- Does not stand Legal Scrutiny
Supreme Court Judgement in ITC Limited Vs APMC, 2002:
(a) Market Fee can be charged under the State APMC Act.
(b) State law could become repugnant only if the Centre and State enact laws on the same subject matter under Concurrent list.
(c) For the subjects outside List III, one has to look at exclusive entry to determine the domain of legislative competence.
Note: In case of Farm bills, points (a) and (c) would be applicable. Agriculture is exclusively a state subject and hence agriculture marketing falls under the purview of States.
Against Entry 28 in the State List :
Entry 28 in State List deals with Markets and Fairs within the States. This is not subject to provisions of Entry 33 in concurrent list.
Hence, State Legislature empowered to make laws, policies and regulations related to Agricultural Markets without over-riding provisions of Entry 33 in List III.
UPSC Current Affairs: DRDO successfully tests ASW missile system |Page 10
UPSC Syllabus: Prelims: Defence related technology | Mains: GS III – Science & Technology
Sub theme: ASW | SMART | UPSC
Context - The Defence Research and Development Organisation (DRDO) successfully test-fired the missile-assisted release of a lightweight anti-submarine torpedo System for anti-submarine warfare (ASW), Supersonic Missile Assisted Release of Torpedo (SMART)
Torpedo is an underwater ranged weapon launched above or below the water surface, self-propelled towards a target, and with an explosive warhead designed to detonate either on contact with or in proximity to the target.
- SMART is a missile assisted release of lightweight anti-submarine torpedo system for anti-submarine warfare (ASW) operations far beyond the torpedo range. This launch and demonstration is significant in establishing anti-submarine warfare capabilities.
- “All the mission objectives including missile flight up to the range and altitude, release of torpedo and deployment of velocity reduction mechanism have been met perfectly.
- The flight testing of SMART follows the successful test firing on Saturday of its indigenously developed nuclear capable hypersonic missile ‘Shaurya’ with a strike range of around 1,000 km from the test range.
- The test was conducted from APJ Abdul Kalam Island (earlier known as Wheeler Island), off the Odisha coast.
- It covers most of its flight in the air at lower altitudes with two-way data link from the warship or an airborne submarine target detection system and provides the exact location of the hostile submarine to correct its flight path midway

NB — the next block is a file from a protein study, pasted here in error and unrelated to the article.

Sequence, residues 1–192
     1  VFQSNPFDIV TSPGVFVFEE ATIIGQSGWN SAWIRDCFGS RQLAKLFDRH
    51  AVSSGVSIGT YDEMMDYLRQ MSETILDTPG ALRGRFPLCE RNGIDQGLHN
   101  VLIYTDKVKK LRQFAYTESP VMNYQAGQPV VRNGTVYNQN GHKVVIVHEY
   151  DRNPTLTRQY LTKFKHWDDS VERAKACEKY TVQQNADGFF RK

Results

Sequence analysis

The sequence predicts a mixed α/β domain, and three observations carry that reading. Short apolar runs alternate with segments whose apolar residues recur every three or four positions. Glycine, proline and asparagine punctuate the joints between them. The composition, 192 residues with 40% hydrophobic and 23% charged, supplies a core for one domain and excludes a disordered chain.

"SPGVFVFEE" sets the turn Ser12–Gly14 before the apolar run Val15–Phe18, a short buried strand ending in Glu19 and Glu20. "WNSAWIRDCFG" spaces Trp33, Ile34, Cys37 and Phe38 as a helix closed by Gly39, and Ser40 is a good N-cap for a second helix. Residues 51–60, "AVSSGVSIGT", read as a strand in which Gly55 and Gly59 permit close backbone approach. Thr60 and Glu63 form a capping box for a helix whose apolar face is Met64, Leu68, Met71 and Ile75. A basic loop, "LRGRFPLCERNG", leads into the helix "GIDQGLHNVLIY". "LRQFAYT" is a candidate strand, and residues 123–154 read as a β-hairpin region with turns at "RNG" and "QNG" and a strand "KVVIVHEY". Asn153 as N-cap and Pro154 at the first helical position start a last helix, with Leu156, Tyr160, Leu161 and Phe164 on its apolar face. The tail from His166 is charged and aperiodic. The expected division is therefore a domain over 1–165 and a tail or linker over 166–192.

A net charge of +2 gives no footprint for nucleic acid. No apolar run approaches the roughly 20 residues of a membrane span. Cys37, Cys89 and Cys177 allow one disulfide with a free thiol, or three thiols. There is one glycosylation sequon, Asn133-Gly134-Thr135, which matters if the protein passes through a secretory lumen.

- Just when it approaches close enough to the submerged submarine, the missile will eject the torpedo system into the water and the autonomous torpedo will start moving towards its target to take out the submarine
UPSC Current Affairs: CM announces anti-pollution campaign ahead of winter | Pg 02
UPSC Syllabus: Prelims: Environment & Ecology | Mains: GS III – Environment & Ecology
Sub theme: Winter Pollution in Delhi | UPSC
What is it?: Degrade paddy straws in the field and convert them into compost in a rapid manner.
How does it work:
- Decomposer Capsules contain 7 different strains of Fungi; Fungi produces essential enzymes that lead to degradation of Paddy straws.
- Need to be mixed with water, 150 gms of jaggery and 50 gms of Besan; Total 25 litres for 1 hectare
- Allowed to ferment and later sprayed on the paddy straws
- Convert the paddy straws into organic manure
- Reduces the air pollution which arises due to stubble burning
- Cheaper alternative- Only 4 Capsules worth Rs 5 each needed for 1 hectare of agricultural land.
- Eco-friendly and Environmentally sustainable technique
- Enhances fertility and productivity of Soil.
UPSC Current Affairs: Ecosystem services provided by Delhi zoo valued at ₹426 cr.| Pg 04
UPSC Syllabus: Mains: GS III – Environment & Ecology
Sub theme: Ecosystem Services | UPSC
- The Central Zoo Authority (CZA) had requested The Energy and Resources Institute (TERI) to conduct a study titled ‘Economic valuation of ecosystem services of National Zoological Park, New Delhi’ to understand the annual value of key ecosystem services.
- In a first of its kind of study by the Central Zoo Authority (CZA), the total annual economic value of ecosystem services provided by the Delhi zoo for 2019-20 was estimated to be over Rs 55,500 crore
Types of Ecosystem Services
The Millennium Ecosystem Assessment (MA), a major UN-sponsored effort has identified four major categories of ecosystem services:
Provisioning Services: Food, drinking water, timber, wood fuel, natural gas, oils, plants, medicines
Regulating Services: Moderate the natural phenomena; pollination, decomposition, water purification, erosion and flood control, and carbon storage and climate regulation.
Cultural Services: Non-material benefit that contributes to the development and cultural advancement of people, the building of knowledge and the spreading of ideas; creativity born from interactions with nature (music, art, architecture); and recreation.
Supporting Services: Underlying natural processes, such as photosynthesis, nutrient cycling, the creation of soils, and the water cycle. These processes allow the Earth to sustain basic life forms.